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Need to take risks to overcome North-South divide

"One of my purposes in traveling to Jaffna was to find out how life there had changed with the end of the war. The first encounters, however, were not favourable ones. I had to travel by air, as travel by road was not possible without a special permit from the Ministry of Defence."
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By Jehan Perera

(September 29, Colombo, Sri Lanka Guardian) It was nearly two years after my last visit to Jaffna. On that occasion, in December 2007, the war was over in the east, and the Sri Lankan military was battling it out in the north. Late in the night we could still hear the thunder of artillery firing in the distance. There were hardly any visitors to Jaffna. The tension in the air was palpable and the people melted from the streets by 5 pm. On this occasion when I visited Jaffna the war had been over more than four months. The streets had people on them well past 9 pm and the tension was much less with the sound of thunder being only caused by lightning.

However, some important things remained unchanged. The road connecting Jaffna to the rest of the country, the A9 Highway, remained closed to people who wished to travel to Jaffna from outside, unless a special permit was obtained from the Ministry of Defence. There is still only a limited bus transportation service. But that is only open to passengers from Jaffna. If they purchase a two-way ticket from Jaffna, they can also return by bus from Colombo. Strangely enough it is not possible to purchase a bus ticket from Colombo to go to Jaffna.

It seems that no one, except for those who drew up this scheme of travel, will know the rationale for the restriction on the flow of passenger traffic by road to Jaffna. There was some speculation that the restriction on bus travel from Colombo to Jaffna is to help the airline companies make ends meet, and make the necessary payments. The freedom of movement throughout the country is a basic right of the citizen. But, the residents of Jaffna, and those in the welfare camps for the internally displaced, remain as a large and conspicuous exception. They feel and they are marginalized and excluded, cut off from the mainstream of economic, social and political life of Sri Lanka.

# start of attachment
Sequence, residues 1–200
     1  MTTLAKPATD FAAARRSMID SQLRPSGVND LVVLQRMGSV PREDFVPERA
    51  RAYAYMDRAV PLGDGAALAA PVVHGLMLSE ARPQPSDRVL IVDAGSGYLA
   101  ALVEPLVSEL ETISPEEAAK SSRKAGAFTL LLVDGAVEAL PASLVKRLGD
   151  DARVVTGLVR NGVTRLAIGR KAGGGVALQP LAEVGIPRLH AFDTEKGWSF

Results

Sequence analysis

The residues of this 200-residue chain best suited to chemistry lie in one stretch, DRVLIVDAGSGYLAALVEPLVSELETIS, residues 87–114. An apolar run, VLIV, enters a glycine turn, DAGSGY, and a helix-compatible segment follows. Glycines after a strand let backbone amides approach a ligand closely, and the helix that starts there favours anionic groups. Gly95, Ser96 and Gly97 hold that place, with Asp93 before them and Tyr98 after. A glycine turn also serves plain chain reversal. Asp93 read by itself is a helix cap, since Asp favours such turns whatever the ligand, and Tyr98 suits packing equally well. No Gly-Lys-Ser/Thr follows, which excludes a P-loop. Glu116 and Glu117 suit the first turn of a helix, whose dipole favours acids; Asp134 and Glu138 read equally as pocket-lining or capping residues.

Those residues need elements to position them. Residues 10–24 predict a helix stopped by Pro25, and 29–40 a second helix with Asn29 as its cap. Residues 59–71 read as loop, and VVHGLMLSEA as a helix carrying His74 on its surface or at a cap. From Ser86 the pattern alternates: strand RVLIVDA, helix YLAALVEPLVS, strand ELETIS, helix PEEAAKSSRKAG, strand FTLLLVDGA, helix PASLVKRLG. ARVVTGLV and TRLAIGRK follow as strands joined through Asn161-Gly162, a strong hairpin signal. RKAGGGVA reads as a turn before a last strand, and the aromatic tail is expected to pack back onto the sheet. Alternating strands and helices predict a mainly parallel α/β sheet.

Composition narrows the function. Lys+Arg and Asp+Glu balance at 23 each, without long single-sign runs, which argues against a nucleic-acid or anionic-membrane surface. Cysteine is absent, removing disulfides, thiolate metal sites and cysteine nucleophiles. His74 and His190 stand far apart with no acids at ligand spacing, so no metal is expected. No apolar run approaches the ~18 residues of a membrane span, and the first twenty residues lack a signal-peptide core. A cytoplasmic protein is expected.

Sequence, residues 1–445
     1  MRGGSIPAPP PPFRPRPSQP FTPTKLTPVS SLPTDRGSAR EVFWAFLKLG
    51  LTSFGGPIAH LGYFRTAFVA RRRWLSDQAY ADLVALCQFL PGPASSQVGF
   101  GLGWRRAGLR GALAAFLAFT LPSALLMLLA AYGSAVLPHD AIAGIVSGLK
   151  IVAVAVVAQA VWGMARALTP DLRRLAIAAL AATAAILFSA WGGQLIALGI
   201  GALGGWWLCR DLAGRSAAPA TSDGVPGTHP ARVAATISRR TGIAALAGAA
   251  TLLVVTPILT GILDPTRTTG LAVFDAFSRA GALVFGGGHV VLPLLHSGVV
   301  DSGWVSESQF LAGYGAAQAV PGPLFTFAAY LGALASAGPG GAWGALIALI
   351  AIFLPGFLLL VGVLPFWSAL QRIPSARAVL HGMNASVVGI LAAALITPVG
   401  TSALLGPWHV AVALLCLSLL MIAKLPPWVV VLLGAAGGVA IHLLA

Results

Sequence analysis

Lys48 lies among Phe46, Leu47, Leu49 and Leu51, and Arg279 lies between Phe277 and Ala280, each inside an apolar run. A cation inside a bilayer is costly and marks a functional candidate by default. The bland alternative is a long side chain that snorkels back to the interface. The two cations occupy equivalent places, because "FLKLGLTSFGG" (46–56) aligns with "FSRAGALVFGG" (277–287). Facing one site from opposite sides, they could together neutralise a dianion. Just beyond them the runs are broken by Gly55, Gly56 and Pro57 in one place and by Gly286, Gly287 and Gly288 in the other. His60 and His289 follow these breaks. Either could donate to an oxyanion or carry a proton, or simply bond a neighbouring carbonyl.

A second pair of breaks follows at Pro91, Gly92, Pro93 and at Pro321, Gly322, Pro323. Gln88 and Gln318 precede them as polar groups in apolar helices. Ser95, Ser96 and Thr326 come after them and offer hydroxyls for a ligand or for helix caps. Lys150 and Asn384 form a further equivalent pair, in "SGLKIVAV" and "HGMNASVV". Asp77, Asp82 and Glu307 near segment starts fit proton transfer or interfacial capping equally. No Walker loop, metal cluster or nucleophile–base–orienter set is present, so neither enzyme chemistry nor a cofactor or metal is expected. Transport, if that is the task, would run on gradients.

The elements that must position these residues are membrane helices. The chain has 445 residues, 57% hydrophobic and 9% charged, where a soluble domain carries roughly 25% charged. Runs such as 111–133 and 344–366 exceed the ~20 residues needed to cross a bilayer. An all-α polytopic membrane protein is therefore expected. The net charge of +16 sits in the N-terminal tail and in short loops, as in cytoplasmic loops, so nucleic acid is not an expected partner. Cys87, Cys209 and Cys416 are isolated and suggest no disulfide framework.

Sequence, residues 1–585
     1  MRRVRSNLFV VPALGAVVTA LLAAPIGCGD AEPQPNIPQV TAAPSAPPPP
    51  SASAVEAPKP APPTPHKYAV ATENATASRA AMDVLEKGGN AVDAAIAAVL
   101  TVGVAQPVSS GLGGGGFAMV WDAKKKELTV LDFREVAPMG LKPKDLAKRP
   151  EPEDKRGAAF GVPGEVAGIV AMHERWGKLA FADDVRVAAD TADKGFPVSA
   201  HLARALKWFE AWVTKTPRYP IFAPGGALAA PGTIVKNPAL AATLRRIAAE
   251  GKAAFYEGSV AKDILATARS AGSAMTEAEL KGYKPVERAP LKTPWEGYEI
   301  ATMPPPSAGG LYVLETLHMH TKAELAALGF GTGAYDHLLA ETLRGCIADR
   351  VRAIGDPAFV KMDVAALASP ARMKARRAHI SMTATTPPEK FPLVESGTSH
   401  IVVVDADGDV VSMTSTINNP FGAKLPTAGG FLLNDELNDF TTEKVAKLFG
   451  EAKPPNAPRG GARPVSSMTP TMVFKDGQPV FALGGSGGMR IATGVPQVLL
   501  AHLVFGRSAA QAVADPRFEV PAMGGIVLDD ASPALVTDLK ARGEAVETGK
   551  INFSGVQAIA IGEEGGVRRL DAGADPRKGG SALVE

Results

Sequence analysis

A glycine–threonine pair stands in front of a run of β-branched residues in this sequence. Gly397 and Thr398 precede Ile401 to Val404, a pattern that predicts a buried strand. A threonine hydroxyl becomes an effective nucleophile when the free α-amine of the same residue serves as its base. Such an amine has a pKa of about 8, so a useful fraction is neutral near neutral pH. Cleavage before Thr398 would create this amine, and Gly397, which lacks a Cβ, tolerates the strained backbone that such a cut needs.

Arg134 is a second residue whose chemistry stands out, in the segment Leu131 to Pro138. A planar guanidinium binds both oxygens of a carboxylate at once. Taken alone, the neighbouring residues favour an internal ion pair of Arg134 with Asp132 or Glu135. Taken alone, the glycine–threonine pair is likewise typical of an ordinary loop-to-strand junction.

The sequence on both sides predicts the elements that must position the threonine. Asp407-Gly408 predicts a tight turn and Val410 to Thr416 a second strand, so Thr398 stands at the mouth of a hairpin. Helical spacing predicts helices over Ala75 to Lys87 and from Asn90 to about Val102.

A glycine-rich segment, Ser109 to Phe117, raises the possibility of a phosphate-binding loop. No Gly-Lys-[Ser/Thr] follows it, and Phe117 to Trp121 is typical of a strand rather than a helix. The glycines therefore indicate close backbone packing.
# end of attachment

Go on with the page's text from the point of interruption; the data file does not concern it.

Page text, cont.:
For many years Jaffna residents have described themselves as being confined to an open air prison. They are free to move about within Jaffna, subject to checkpoints that dot the peninsula. But they are not free to travel out of the peninsula. Any resident of Jaffna who wishes to leave the peninsula for whatever reason, be it to visit relatives, see tourist sites in other parts of the country or for medical emergencies, has to obtain an exit permit from the military authorities. Obtaining this permit requires certification from the Grama Niladari, the local military commander and so on, until it goes higher up the chain of military command. Needless to say the power to give exit permits is a source of patronage that anyone who wields such authority would be loath to give up.

International Comparison

One of my purposes in traveling to Jaffna was to find out how life there had changed with the end of the war. The first encounters, however, were not favourable ones. I had to travel by air, as travel by road was not possible without a special permit from the Ministry of Defence. I hoped that travel by air to Jaffna would be an improvement over what it had been two years ago during the time of war. To my disappointment and discomfort there was no difference, the hardships were just the same. There are some readers who may misunderstand my lament as due to the personal inconvenience to me. But my point is that unless there is change, it will be very difficult to win the hearts and minds of the people of Jaffna.

Along with all other passengers, I was asked to report at 3.30 am at the airline office in Wellawatte to be taken from there by special bus to the airport at Ratmalana to catch the 7 am flight. It appears that no exceptions are made, so that passengers who come from beyond Ratmalana also have to come to Wellawatte to catch the bus. At those wee hours of the morning in the airline office, a single clerk painstakingly took down by hand, the identity card and ticket details of all passengers and also took away their mobile phones and cameras which he sealed in individual plastic bags.